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Nuclear watchdog: North Korea tremors unlikely man-made

Earthquakes detected in North Korea were probably not caused by explosions, CTBTO says.

South Koreans watch a television news

Nuclear proliferation watchdog CTBTO has said that the two seismic events detected in North Korea on Saturday were probably not deliberate explosions. 

CTBTO said Executive Secretary Lassina Zerbo said in a Twitter post that the group detected two seismic events on Saturday. He added that they were still analysing the tremors, but they were "unlikely man-made". 

"The events were in a zone that is not seismically active," Zerbo said from the Austrian capital, Vienna.

He added that Saturday's tremors were pretty similar to the second quake that occurred after North Korea’s sixth and most powerful nuclear test on September 3.

"Eight and half minutes after the test, we had an event that was likely due to geological stess," Zerbo explained. "What we are finding today is similar to that event and that's where we stand at this point in time." 

Earlier on Saturday, China's earthquake administration said it had detected a magnitude 3.4 earthquake in North Korea, calling it a "suspected explosion".

The administration said in a statement on its website that the earthquake occurred around 08:30 GMT.

South Korea's weather agency said it was analysing the nature of the quake, but its initial view was that it was a natural earthquake.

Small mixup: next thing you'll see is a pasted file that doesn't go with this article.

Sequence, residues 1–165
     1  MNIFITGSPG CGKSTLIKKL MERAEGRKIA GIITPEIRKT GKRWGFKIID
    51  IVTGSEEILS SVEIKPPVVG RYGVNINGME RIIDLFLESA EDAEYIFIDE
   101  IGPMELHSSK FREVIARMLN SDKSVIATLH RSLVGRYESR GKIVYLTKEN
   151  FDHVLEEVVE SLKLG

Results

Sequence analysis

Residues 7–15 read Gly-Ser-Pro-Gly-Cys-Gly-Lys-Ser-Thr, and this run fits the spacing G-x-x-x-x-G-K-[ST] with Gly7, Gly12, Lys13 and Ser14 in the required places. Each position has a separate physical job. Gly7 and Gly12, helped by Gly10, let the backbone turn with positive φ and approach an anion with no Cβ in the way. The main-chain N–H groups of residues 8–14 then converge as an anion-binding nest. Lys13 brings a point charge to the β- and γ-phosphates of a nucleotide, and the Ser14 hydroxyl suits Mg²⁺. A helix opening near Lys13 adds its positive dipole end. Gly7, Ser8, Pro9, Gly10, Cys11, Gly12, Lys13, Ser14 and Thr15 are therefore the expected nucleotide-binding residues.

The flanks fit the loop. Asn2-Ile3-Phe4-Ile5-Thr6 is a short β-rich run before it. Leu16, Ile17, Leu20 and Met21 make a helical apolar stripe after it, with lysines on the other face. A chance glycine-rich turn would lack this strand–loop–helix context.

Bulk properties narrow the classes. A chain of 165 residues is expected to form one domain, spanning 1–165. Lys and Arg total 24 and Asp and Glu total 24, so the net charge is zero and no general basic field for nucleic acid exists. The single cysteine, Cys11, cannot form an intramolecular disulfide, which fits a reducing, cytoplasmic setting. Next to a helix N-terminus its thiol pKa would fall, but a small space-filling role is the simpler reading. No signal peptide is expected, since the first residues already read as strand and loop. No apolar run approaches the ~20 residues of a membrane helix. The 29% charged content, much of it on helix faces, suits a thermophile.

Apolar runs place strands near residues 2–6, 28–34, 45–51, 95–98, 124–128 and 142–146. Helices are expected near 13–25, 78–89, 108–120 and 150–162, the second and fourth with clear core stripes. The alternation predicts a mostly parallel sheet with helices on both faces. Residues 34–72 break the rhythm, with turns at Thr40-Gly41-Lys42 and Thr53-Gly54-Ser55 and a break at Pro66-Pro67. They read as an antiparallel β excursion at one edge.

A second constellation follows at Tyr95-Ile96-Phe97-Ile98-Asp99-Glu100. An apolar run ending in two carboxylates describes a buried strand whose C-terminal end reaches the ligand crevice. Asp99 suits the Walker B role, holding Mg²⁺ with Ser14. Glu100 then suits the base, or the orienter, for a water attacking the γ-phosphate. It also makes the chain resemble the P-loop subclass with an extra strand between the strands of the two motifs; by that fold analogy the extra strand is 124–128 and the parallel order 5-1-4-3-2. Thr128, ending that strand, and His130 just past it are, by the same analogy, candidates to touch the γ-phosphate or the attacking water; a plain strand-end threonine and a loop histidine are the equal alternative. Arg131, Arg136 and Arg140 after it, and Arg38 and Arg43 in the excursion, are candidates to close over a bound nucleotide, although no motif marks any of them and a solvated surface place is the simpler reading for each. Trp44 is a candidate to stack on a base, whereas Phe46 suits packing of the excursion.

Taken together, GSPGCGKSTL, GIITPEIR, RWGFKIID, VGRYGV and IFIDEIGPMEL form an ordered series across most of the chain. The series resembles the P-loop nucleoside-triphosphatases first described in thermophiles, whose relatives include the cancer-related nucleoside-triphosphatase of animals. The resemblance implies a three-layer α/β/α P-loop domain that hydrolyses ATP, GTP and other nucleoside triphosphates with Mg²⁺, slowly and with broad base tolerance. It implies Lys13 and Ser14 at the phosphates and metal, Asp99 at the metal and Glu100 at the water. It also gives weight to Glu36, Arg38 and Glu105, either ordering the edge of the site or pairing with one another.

South Korea's Yonhap news agency quoted a weather agency official who said that "a sound wave, which is usually generated in the event of an artificial earthquake, was not detected."

'Tense times' 

Previous quakes from North Korea have indicated nuclear tests by the state, the most recent earlier this month. Saturday's tremor was centred near North Korea's nuclear test site.

The US Geological Survey (USGS) said it had detected a magnitude 3.5 earthquake in the area of the previous North Korean nuclear tests, but it was unable to confirm whether the event was natural. 

North Korea's weakest nuclear test, its first one, conducted in 2006, generated a magnitude 4.3 tremor.


READ MORE: North Korea tensions: All the latest updates


According to USGS, this month's nuclear test generated a magnitude 6.3 earthquake.

North Korea's Foreign Minister Ri Yong-Ho threatened on Friday that his country could consider a hydrogen bomb test on an unprecedented scale on the Pacific Ocean.

His comments came after US President Donald Trump signed a new executive order allowing Washington to ramp up sanctions against North Korea.

Meanhwhile, North Korean leader Kim Jong-un and his US counterpart Trump have exchanged strong words for each other.

Trump called Kim a "madman" on Friday, a day after the North Korean leader dubbed him a "mentally deranged US dotard".


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